Anycubic Introduces MicroLED 3D Printer

By on August 2nd, 2022 in printer

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New microLED-powered 3D printer concept [Source: Anycubic]


Anycubic announced a very different kind of 3D printer, one that’s based on microLED technology.

The Shenzhen-based company has been producing many well-regarded desktop 3D printers since their launch in 2015. We’ve managed to perform reviews of several Anycubic models from the company over the past two years, including the Kobra Plus, Kobra, Photon M3 Plus, Photon M3, Mono 6K and Vyper. We found each to be quite effective for their target markets.

Now Anycubic turns to a different niche with the new microLED technology, obtained through a partnership with JBD (Jade Bird Display), makers of highly effective micro-display panels.

The new microLED device, as yet unnamed, is to be unveiled to the public this September.

So what’s new about this device? Let’s first understand how typical desktop MSLA 3D printers work.

Normally there is an array of standard LED lights under the resin vat. These vary in number and arrangement, but the idea is to provide as uniform coverage of the resin tank as possible. Some systems involve lenses to ensure that coverage and help ensure light is perpendicular to the resin tank. In-between the light engine and the resin tank is an LCD screen that can mask out pixels as required to form each printed layer. That’s why this technology is called MSLA, because it’s actually “Masked SLA”.

The performance of MSLA systems depends on the resolution of the LCD screen and the quality of the light from the LED engine. This all seems to change with the new microLED 3D printer.

MicroLED is a cutting-edge micro-display technology favored by many applications for its outstanding features such as ultra-high brightness, high contrast, high color gamut, low power consumption, etc. JBD’s MicroLED is manufactured using its semiconductor hybrid integration technology. And it is a well-established technology and is manufactured by combining inorganic III-V light-emitting material LEDs with a silicon-based CMOS backplane.

It can be used to manufacture ultra-high pixel pitch micro-displays with pixel densities greater than 10,000 PPI, and use semiconductor materials that can emit wavelengths covering the entire spectrum from ultraviolet to infrared. The 0.13-inch ultraviolet (UV) light engine of the MicroLED combined the features of small size, high contrast ratio, and ultra-low power consumption. It plays an essential role in making this pocket-sized 3D printer.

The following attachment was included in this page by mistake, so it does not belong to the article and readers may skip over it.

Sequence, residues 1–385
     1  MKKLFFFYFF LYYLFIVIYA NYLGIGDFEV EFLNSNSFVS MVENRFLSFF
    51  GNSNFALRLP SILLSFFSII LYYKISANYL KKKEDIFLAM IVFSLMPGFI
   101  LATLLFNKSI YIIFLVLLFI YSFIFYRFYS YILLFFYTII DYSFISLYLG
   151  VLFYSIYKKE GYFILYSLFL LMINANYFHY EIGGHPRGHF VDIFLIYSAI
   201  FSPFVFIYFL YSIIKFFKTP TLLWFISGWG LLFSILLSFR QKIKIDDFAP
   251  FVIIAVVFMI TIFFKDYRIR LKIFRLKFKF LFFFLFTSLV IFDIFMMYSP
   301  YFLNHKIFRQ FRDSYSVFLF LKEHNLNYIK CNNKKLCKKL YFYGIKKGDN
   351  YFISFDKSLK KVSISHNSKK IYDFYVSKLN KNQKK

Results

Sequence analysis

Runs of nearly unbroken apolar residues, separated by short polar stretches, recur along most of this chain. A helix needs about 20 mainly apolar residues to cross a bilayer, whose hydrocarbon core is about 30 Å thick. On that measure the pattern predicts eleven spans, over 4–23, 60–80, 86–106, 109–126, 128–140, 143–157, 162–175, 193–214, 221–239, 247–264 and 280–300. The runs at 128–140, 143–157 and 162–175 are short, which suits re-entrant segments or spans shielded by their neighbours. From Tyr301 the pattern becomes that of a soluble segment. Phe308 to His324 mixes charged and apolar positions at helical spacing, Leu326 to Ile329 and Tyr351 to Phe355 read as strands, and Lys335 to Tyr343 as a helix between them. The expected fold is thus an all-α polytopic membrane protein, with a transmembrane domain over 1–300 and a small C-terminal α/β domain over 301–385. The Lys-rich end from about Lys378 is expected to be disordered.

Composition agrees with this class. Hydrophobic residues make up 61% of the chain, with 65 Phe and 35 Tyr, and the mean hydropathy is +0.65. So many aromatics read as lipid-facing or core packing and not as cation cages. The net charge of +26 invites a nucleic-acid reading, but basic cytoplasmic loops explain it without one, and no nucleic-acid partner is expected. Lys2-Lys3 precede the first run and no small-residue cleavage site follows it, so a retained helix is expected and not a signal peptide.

There is no need for an LCD panel because the pixels on the microLED light engine can be individually controlled. This means there could be far more energy hitting the resin, and possibly this may mean very fast print times.

Anycubic said the new printer will consume only 6W during print operations, meaning it is also extremely energy efficient.

The resolution should be astounding, and as high as ever seen in a desktop 3D printer.

Comparing the size of the microLED 3D printer with standard drink cans [Source: Anycubic]

There’s another “micro” aspect of this device: it’s actually very small. In this image you can see the proposed device compared to tall and standard drink cans: it’s not very big at all.

This suggests the machine is likely ideal for 3D printing extremely detailed small objects, such as jewelry or fine parts for smaller mechanisms. By using a casting resin, it should be possible for jewelers to produce astonishing new designs in metal through casting processes.

JBD’s durable light module will enable the MicroLED 3D Printer to work over 20,000 hours, highly extending the lifespan.

As of today, Anycubic has not released many details on this intriguing device aside from a look at the technology. We don’t know the build volume, resin capabilities, speeds and especially the price point.

But that will all come later.

Via Anycubic

By Kerry Stevenson

Kerry Stevenson, aka "General Fabb" has written over 8,000 stories on 3D printing at Fabbaloo since he launched the venture in 2007, with an intention to promote and grow the incredible technology of 3D printing across the world. So far, it seems to be working!

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